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LATHROP v. OAKES & BURGER CO.

DISTRICT COURT, W.D. NEW YORK


November 15, 1933

LATHROP
v.
OAKES & BURGER CO., Inc. (two cases)

The opinion of the court was delivered by: ADLER

ADLER, District Judge.

These two suits have been tried together. They are both patent infringement suits and each of the twelve patents involved relate to milk can washing machinery or to a process therefor. The patents in suit and the claims alleged to be infringed are as follows:

First Suit.

 Patent No. 1,172,808 granted February 22, 1916, to Lathrop and Paulson. Claims 4, 5, 6, 7, 8, 9.

 Patent No. 1,247,692 granted November 27, 1917, to Lathrop and Paulson. Claims 1, 2, 3, 7, 8, 9.

 Patent No. 1,249,129 granted December 4, 1917, to Lathrop and Paulson. Claims 1, 2, 3, 4, 6, 7, 8.

 Patent No. 1,249,130 granted December 4, 1917, to Lathrop and Paulson. Claims 4, 5, 6.

 Patent No. 1,255,896 granted February 12, 1918, to Lathrop and Paulson. Claims 1, 2, 3, 4, 5.

 Patent No. 1,336,570 granted April 13, 1920, to Lathrop and Paulson. Claims 1, 2, 12, 13, 14.

 Patent No. 1,336,567 granted April 13, 1920, to Lathrop and Paulson. Claim 1.

 Patent No. 1,396,516 granted November 8, 1921, to McEwan. Claims 1, 2.

 Patent No. 1,578,451 granted March 30, 1926, to McEwan. Claims 1, 2, 3, 4, 5.

 Patent No. 1,649,073 granted November 15, 1927, to McEwan. Claim 1.

 Second Suit.

 Patent No. 1,094,785 granted April 28, 1914, to Green. Claims 1, 2, 3, 4, 5, 6, 7.

 Patent No. 1,249,129 granted December 4, 1917, to Lathrop and Paulson. Claim 8.

 Patent No. 1,249,130 granted December 4, 1917, to Lathrop and Paulson. Claims 4, 5, 6.

 Patent No. 1,255,896 granted February 12, 1918, to Lathrop and Paulson. Claims 4, 5.

 Patent No. 1,653,219 granted December 20, 1927, to Lathrop. Claims 1, 2, 3, 4, 5.

 The first suit concerns a so-called straightaway type of can washing machine in which cans in inverted position are put through a machine by intermittent movement, during which the cans are successively rinsed, cleaned, sterilized, and dried, and after which they are reversed to upright position and covers applied to them that have been advanced through the machine with the cans, so that a cover has been brought into position from which it can be placed onto a can automatically, after the can has been reversed into an upright position.

 The second suit concerns a can washing machine of the rotary type in which the cans (in inverted position) and the covers are placed on a horizontally rotatable carriage, which is inclosed and provided with an opening through which the cans and covers are introduced and removed. In this machine also cans and covers are rinsed, cleaned, and dried, but no provision is made for reversing the cans or for applying the covers automatically, as in the straightaway machine.

 In general the patents cover "successive inventions and improvements in the machines or apparatus for use in the mechanical and automatic handling of milk cans and covers in dairies, creameries and the like, during and following the mechanical washing, sterilizing and drying of the cans and covers, after the milk has been dumped into a receiving vat or tank." (Plaintiff's brief.)

 Referring first to defendant's straightaway machine on which it has been sued, it appears that the machine of the defendant is a can washing machine in which cans and covers are put through the machine by intermittent movement, during which the cans are successively rinsed, cleaned, sterilized, and dried, and after which they are reversed to upright position, and covers are applied to them that have been advanced through the machine with the cans, so that a cover has been brought into position from which it can be placed onto a can, after the can has been reversed into an upright position, but that the guides on which the can and covers are respectively advanced in defendant's machine are positioned in different relation to each other in defendant's machine from their relation to each other in plaintiff's patents on the straightaway type of machine, and that the mechanism of the patents whereby the covers are placed upon the cans is not the same as the mechanism employed for that purpose in defendant's machine, as will be pointed out.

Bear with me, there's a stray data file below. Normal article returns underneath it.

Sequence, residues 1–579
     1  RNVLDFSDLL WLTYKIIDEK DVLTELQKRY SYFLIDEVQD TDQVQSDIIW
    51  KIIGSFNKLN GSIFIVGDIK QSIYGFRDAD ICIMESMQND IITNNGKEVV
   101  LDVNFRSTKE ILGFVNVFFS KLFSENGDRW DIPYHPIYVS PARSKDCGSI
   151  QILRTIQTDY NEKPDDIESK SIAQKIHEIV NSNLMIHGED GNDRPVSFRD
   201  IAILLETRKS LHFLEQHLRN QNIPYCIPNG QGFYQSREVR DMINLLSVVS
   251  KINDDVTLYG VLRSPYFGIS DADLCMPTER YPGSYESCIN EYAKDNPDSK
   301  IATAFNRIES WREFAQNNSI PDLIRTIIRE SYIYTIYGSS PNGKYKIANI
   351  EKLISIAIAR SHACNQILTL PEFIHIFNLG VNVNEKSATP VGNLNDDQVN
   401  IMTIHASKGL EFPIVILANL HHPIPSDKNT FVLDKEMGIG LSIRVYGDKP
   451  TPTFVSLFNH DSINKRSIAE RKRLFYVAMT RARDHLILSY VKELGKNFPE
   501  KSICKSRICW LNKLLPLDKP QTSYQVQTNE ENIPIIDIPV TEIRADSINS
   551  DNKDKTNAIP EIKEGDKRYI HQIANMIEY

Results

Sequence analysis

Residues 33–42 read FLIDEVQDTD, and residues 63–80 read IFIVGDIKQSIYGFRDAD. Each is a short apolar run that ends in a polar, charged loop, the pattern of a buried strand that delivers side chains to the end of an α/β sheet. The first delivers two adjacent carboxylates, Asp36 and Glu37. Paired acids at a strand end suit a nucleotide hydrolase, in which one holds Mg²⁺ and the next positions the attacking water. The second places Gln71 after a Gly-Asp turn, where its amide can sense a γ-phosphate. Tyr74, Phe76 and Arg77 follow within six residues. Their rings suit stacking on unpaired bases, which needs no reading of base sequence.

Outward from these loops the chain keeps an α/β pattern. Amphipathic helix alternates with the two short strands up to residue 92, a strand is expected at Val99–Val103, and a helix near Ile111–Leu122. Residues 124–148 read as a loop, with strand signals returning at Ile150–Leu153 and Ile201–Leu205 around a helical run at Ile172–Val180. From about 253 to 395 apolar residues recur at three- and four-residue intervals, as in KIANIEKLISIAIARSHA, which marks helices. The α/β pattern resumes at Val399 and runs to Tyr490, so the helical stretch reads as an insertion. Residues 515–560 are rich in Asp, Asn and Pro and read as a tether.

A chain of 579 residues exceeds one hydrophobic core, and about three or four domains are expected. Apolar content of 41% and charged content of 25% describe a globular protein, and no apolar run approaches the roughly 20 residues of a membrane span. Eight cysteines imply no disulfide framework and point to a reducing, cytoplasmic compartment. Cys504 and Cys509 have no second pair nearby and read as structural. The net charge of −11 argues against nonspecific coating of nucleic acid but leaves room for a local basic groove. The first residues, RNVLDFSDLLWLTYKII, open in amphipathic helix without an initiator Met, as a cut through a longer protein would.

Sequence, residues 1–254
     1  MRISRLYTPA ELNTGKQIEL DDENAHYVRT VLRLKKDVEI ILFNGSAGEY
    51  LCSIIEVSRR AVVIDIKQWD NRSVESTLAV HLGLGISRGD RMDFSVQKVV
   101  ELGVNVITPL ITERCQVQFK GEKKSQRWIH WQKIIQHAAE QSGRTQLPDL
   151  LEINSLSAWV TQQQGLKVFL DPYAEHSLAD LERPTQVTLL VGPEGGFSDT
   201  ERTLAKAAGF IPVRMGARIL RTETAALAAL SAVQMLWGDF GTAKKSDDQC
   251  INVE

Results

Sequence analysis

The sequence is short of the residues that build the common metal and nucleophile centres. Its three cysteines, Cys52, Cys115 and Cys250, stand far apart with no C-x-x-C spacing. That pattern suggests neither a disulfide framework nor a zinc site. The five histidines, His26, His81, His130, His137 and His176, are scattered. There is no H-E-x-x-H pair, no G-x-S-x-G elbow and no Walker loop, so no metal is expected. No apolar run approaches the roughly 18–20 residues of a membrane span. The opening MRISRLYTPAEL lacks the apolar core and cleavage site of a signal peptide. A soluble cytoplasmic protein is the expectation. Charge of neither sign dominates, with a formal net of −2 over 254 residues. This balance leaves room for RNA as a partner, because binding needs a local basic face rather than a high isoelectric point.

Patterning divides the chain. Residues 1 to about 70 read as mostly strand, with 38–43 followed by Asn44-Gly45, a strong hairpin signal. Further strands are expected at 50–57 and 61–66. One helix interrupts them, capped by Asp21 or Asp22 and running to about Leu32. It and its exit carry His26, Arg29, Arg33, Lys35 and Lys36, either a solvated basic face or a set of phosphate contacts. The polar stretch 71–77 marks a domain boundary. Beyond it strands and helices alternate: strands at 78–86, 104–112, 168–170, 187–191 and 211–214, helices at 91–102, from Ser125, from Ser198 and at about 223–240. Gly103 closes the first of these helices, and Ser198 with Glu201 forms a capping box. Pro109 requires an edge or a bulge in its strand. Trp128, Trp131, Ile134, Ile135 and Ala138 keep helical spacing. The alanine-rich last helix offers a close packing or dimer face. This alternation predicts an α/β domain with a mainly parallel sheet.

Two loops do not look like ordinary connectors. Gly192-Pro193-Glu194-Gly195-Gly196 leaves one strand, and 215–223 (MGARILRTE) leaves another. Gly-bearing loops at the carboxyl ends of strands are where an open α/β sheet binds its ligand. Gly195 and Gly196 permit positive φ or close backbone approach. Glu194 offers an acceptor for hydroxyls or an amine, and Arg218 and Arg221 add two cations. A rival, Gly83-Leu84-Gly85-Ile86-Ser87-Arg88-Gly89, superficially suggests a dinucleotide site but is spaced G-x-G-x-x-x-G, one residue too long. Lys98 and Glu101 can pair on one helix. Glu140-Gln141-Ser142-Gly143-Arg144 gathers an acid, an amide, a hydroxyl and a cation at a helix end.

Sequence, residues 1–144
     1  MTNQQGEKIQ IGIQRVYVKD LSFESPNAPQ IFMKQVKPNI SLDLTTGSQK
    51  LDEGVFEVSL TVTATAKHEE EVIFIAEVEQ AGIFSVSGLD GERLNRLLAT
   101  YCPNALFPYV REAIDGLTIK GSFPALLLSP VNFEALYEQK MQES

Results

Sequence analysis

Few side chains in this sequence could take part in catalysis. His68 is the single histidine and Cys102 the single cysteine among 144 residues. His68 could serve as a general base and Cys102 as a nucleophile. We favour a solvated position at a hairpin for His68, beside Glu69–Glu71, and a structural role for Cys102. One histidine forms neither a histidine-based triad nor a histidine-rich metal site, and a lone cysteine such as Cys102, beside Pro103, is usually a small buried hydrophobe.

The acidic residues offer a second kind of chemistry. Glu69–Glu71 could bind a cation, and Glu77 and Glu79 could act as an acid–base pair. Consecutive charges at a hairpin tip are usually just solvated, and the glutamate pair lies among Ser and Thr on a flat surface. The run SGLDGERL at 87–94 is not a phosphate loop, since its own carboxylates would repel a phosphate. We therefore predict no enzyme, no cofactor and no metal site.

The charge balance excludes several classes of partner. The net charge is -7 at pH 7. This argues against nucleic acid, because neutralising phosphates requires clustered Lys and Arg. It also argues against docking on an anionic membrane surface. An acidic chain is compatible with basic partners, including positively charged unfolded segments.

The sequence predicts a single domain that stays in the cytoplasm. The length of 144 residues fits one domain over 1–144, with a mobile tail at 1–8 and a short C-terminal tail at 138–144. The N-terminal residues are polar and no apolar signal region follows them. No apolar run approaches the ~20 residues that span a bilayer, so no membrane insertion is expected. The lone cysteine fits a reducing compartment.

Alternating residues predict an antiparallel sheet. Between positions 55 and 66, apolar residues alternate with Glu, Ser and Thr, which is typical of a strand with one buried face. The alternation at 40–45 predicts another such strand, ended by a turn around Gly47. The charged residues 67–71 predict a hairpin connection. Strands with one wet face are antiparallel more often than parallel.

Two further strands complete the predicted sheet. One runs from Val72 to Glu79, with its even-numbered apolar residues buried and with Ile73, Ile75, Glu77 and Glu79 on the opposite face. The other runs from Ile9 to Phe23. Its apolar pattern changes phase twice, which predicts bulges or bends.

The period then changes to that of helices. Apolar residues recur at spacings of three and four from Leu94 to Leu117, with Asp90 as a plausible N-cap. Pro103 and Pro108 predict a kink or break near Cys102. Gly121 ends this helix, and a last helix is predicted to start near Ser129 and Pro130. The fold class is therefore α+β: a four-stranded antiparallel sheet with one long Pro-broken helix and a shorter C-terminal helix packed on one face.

Defendant's straightaway machine is shown by charts, Plaintiff's Exhibits 8-12, inclusive, and charts introduced by defendant as Exhibits 93 and 93A. The same reference numerals are used on both sets of charts. The following is a brief description of defendant's straightaway machine by the functions that it is called upon to perform; the reference numerals of the chart being used to identify the parts. The cans are moved intermittently along tracks or guides 17 by reciprocating dog bars 22 on which are pivotally mounted dogs or pawls 23, that are balanced so as to assume normally a position to engage the cans, but will pass freely under the can on rearward movement of the dog bar 22. In the same way covers are moved along a guide rail 20 by dogs 29 on a dog bar 26. These dog bars 22 and 26 are connected together at the discharge end of the machine by a transverse bar 42. As the can is moved along the track 17 by the dogs 23 and comes to its first stop, it operates a cold water valve 61 so that the can receives a preliminary rinsing. In the next position of the can on the track 17 it is treated internally and externally with a soda solution from nozzles 77 and 79, and in its next position it is treated with hot water from nozzles 114. On assuming other positions on the track 17, a mixture of hot water and steam is discharged against both the can and cover, after which they are sterilized by steam. And, finally, the can and cover is subjected to a discharge of hot air to dry them. From the track 17 the can is delivered to a reversing cradle 154, and at the same time, by the action of the cradle that holds the cans, the cover is delivered to a receiving member 159 operatively connected with the can reversing cradle, whereby the cover is delivered to an inclined platform 165 where it rests temporarily right side up ready to be released automatically when the can reaches a position to receive it, when it slides by gravity in a forward direction and falls onto the neck of the can. After the can has been reversed and deposited right side up on a track 174, it is moved by dogs 173 to the end of the track from which it is pushed onto a roller conveyer 175.